Vietnam rate hike to help cut inflation: economist

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Economists on Friday welcomed a larger than expected rise in a key Vietnamese interest rate as part of efforts to curb rising prices, but said that more needs to be done to boost the economy.

The State Bank of Vietnam announced on Thursday that its refinancing rate would rise from nine to 11 percent, but left two other measures, the base and discount rates, unchanged at nine and seven percent respectively.

It followed a currency devaluation last week -- the fourth in 15 months -- as the government struggles to address a complicated mix of problems including a huge trade deficit and high inflation.

Analysis from Capital Economics consultancy suggested the move, which was larger than predicted, would dampen domestic demand and "help to stop the economy from overheating".

"It appears that policymakers are finally getting serious about addressing the challenges facing the economy. Another necessary step will be to reduce the budget deficit and curb the rise in government debt," the statement said.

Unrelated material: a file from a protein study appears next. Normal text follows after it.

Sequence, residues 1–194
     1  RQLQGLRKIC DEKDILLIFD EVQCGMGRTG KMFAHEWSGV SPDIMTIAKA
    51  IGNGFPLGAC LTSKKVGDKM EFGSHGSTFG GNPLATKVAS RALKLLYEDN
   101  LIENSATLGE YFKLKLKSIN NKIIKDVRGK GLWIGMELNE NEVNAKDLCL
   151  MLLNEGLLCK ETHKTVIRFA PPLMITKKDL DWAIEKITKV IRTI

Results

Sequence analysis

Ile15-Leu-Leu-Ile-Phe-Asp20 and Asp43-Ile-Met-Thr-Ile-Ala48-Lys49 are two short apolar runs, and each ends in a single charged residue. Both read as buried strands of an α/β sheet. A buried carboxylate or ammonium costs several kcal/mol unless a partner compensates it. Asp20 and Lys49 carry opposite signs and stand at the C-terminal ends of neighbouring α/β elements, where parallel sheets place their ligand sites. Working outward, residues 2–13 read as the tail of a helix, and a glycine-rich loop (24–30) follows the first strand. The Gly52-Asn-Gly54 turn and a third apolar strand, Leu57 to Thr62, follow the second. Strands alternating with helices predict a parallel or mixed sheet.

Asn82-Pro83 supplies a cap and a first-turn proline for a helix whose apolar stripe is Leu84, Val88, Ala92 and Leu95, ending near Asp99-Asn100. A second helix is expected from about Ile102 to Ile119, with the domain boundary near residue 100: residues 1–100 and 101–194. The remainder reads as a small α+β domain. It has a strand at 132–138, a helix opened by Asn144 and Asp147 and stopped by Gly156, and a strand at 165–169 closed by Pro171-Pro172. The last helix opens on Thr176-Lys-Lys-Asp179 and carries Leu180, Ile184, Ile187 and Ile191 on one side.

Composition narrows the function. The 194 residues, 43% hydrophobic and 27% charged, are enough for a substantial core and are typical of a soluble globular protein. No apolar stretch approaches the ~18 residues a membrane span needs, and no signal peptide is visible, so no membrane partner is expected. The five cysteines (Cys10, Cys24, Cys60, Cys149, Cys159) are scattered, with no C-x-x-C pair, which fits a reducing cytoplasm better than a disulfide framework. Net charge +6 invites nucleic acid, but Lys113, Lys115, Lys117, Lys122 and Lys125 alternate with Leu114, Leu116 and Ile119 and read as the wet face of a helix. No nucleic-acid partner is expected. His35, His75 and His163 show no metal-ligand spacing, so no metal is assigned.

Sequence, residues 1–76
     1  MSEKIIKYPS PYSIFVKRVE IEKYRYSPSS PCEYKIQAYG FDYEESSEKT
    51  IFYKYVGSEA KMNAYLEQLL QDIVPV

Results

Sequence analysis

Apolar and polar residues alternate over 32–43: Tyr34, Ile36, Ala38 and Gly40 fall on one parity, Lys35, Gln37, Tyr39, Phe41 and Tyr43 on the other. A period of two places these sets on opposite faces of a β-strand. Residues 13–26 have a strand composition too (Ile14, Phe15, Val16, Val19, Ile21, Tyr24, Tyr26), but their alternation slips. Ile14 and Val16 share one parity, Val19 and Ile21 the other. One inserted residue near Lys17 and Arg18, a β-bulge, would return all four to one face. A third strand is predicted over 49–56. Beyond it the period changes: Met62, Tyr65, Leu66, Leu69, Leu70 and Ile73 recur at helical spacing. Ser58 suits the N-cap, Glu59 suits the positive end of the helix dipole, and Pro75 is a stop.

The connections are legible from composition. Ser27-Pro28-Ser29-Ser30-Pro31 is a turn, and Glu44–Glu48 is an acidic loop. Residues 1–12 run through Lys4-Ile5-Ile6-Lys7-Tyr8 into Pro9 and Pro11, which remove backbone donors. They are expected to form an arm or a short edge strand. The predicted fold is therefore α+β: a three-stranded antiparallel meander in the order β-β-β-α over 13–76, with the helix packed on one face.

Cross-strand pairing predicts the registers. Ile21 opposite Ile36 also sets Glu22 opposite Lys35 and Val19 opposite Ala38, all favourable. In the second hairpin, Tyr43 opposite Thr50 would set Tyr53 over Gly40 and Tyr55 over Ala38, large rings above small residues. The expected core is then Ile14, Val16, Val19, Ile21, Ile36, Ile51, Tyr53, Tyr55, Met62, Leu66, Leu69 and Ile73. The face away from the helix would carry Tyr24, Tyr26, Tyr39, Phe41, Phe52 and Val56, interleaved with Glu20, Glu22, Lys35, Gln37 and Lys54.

The ruling Communist Party's five-yearly congress last month set an economic framework for the coming years, with leaders noting a need to "stabilize the macroeconomy".

Vietnam has recorded impressive growth but economic expansion has come with increased risks, including higher inflation and currency pressure.

Inflation has increased every month since August 2010, hitting 12.17 percent year-on-year in January, far higher than regional neighbors.

Capital Economics said the rate rise, by reducing inflationary pressure, will act as a counterweight to the devaluation of the Vietnamese dong, which was expected to contribute to rising prices by pushing up the cost of imported oil.

Vishnu Varathan, a Singapore-based economist with the firm, said authorities had sent a clear message that they wanted to tighten credit growth, despite the fact that the base rate was the central bank's usual tool to curb rising prices.

"There is no doubt that the refinancing rate will work as well because it ups the costs for banks to borrow from the central bank," he told AFP.

Ratings agencies Moody's and Standard & Poor's downgraded Vietnam's debt rating late last year over worries about the economy, the banking sector and the problems of nearly-bankrupt state-owned shipbuilder Vinashin.

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